BHP delays Olympic Dam expansion

Examining cathode at BHP Billiton's Olympic Dam copper-uranium-gold mine and mill in South Australia. Photo by BHP BillitonExamining cathode at BHP's Olympic Dam copper-uranium-gold mine and mill in South Australia. Credit: BHP

BHP Billiton’s (BHP-N, BLT-L) decision to delay a US$30-billion dollar expansion of its Olympic Dam copper-uranium-gold mine in South Australia due to escalating capital costs will put a forecasted uranium supply deficit under even greater pressure, analysts say.

Edward Sterck of BMO Capital Markets in London points out that the copper-gold-uranium expansion project had been expected to boost annual production from 10 million lb. uranium oxide (U308) to more than 40 million lb. beginning in 2017, before reaching full ramp-up in 2025. The delay will make the uranium supply deficit forecast “even more acute,” he writes in a research note.

“Given that five years still remain to the anticipated start of the expansion, the immediate impact to the uranium price is not expected to be significant,” he says. “However, as higher-cost projects will be needed to fill the deficit, the uranium price is likely to increase in the intervening years.”

Sterk reasons that uranium stocks such as Cameco (CCO-T, CCJ-N), Uranium One (UUU-T) and Paladin Energy (PDN-T, PDN-A) will likely respond positively to news of the delay. And he believes that the exploration projects of non-producers like Denison Mines (DML-T, DNN-X) “might now attract more mergers and acquisitions interest,” while projects like Bannerman Resources’ (BAN-T) “low-grade but large” Etango project in Namibia, which he says was “considered uneconomic at current uranium prices, may now be edged towards production.”

Etango is one of the few uranium projects in the world with a completed definitive feasibility study (DFS). According to the DFS, Etango would produce between 7 million and 9 million lb. U308 per year for the first five years, and 6 million to 8 million lb. thereafter over a minimum mine life of 16 years. (Drilling is underway to convert inferred resources into the measured and indicated category to extend the estimated mine life to more than 20 years, the company states.) The project would be a conventional open-pit mine and sulphuric acid heap-leach operation.

Sterck’s colleague at BMO Capital Markets, analyst Tony Robson, estimates a potential multi-year delay at Olympic Dam could remove 20% of the projected world supply of uranium from the market, which could improve supply-demand fundamentals for the uranium sector.

BHP Billiton announced the delay at Olympic Dam after unveiling its full-year financial results for fiscal 2012. The miner also said that no major projects would be approved in fiscal 2013. “Such commentary was anticipated by the market, which is currently favouring capital discipline over large-scale growth,” Dahlman Rose analysts Anthony Rizzuto, Anthony Young and Joseph Giordano write in a research note to clients.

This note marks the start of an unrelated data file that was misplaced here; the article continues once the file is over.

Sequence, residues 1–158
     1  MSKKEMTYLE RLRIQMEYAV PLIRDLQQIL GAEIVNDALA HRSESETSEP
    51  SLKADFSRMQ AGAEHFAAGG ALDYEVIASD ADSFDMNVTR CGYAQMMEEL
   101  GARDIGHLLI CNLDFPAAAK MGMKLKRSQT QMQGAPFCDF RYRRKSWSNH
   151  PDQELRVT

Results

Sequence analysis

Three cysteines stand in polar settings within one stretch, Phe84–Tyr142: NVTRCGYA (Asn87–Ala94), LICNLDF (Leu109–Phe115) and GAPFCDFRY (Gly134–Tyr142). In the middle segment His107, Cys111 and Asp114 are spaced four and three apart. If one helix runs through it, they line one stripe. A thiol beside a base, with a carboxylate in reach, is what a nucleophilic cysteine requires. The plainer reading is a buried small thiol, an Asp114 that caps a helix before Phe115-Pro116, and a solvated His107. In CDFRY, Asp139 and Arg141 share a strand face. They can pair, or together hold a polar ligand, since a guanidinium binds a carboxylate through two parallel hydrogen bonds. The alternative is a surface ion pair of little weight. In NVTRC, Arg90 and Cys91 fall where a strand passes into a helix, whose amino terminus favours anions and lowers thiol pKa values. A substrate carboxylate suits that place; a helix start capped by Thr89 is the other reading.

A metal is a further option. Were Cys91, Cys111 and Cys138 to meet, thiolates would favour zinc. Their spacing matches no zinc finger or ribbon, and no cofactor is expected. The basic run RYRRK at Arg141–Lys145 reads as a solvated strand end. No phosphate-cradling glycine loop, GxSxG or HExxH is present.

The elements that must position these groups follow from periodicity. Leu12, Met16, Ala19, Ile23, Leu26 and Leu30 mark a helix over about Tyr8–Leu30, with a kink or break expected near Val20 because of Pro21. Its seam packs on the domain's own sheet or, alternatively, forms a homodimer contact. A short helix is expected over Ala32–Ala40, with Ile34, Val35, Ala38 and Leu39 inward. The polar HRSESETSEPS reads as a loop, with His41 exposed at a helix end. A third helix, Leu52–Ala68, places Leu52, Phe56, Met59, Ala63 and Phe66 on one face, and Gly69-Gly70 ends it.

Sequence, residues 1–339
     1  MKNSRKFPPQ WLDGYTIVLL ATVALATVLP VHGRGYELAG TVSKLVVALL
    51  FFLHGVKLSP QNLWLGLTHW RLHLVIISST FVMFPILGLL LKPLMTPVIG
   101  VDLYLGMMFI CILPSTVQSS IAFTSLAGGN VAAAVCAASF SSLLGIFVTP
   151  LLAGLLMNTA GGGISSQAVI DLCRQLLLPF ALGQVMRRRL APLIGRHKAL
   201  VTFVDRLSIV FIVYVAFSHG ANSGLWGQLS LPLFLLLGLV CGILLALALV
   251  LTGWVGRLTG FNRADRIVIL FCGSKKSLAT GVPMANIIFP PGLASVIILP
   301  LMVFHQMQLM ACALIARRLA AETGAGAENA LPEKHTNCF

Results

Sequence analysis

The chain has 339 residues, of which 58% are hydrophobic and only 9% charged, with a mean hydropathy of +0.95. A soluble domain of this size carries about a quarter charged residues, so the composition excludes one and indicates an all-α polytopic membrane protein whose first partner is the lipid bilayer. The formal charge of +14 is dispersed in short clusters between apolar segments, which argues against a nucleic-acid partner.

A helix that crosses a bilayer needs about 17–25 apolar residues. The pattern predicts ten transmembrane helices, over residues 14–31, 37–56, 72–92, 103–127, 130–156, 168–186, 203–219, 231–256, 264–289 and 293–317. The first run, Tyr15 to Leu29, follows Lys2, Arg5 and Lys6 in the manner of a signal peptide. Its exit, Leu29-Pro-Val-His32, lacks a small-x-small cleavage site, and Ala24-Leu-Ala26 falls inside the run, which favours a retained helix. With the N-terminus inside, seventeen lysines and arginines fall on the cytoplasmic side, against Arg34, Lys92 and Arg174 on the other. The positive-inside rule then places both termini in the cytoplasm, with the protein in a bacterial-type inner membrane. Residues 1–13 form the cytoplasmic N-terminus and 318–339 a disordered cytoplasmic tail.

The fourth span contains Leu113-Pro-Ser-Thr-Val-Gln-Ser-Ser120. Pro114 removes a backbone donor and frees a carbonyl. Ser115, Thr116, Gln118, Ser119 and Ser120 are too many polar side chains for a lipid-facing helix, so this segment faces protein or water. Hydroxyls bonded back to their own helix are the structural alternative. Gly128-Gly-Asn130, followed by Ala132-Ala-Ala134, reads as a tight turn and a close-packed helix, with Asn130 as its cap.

The company said it would delay an annual 2.5-million-tonne expansion at the Peak Downs metallurgical coal project, which is associated with the Caval Ridge mine development in Australia. (The Caval Ridge mine remains on schedule, however, for first production in 2014.) BHP will also delay a decision on its Outer Harbour iron-ore project, but is continuing with the Inner Harbour and mine-infrastructure projects that are already under development. On Olympic Dam, the company said large changes in the scope of the expansion project will potentially result in a multi-year delay, but confirmed that the company remains positive on the long-term outlook for copper. According to Robson of BMO Capital Markets, the company has begun studies on less capital-intensive designs involving new metallurgical technologies.

As for the 8-million-tonne-per-year Jansen potash project, Robson of BMO Capital Markets says it is “still on the table, but not yet ratified by the board.”

BHP reported that underlying profit for fiscal 2012 fell by 21% year-on-year to US$17.1 billion, or US$3.20 per share, due to weakness in commodity markets and industry-wide cost pressures. Gross revenues of US$72.2 billion were down 9% year-on-year. Net operating cash flows after interest and tax decreased by 19% to US$24.4 billion for the 2012 financial year.

The mining group noted that it has responded quickly to changes in the operating environment by taking a number of other measures, including shutting down its energy-intensive silico-manganese alloy production capacity in South Africa, and by temporarily closing capacity at Temco in Australia. It also suspended metallurgical coal production at Norwich Park, also in Australia, after reviewing the mine’s profitability. BHP also noted that the viability of other high-cost operations is being assessed, and that additional measures are being implemented that will cut operating costs. On other fronts it said the sale of its 37% stake in Richards Bay Minerals in South Africa to Rio Tinto (RIO-N) was “well advanced,” a review of its diamond business was ongoing and that it was contemplating other divestments.

Looking ahead, BHP says 20 major projects are being executed with a combined budget of US$22.8 billion.  

On the Olmypic Dam news, BHP’s shares closed  21¢ or 0.30% higher at US$69.70 in New York, within a 52-week trading range of US$59.87 to $86.24.


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